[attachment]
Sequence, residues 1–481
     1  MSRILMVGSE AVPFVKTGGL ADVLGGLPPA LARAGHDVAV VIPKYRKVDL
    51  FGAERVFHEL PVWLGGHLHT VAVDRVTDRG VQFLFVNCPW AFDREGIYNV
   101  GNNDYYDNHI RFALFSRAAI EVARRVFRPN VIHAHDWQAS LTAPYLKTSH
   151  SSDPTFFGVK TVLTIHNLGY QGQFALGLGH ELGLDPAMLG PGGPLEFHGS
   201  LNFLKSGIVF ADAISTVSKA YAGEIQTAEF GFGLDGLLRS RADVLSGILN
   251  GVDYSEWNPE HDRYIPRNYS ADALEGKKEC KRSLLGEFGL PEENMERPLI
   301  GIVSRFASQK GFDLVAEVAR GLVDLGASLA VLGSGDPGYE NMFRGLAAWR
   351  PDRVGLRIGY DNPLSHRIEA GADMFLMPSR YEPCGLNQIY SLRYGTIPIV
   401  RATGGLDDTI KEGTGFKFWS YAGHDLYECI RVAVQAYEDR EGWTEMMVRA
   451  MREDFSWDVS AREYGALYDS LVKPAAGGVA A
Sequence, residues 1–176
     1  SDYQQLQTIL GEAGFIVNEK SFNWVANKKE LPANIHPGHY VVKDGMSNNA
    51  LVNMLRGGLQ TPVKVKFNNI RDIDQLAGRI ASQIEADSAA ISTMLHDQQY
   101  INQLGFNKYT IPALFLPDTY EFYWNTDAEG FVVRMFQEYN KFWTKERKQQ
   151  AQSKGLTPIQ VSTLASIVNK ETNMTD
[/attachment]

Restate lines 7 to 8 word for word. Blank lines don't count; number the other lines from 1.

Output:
   251  GVDYSEWNPE HDRYIPRNYS ADALEGKKEC KRSLLGEFGL PEENMERPLI
   301  GIVSRFASQK GFDLVAEVAR GLVDLGASLA VLGSGDPGYE NMFRGLAAWR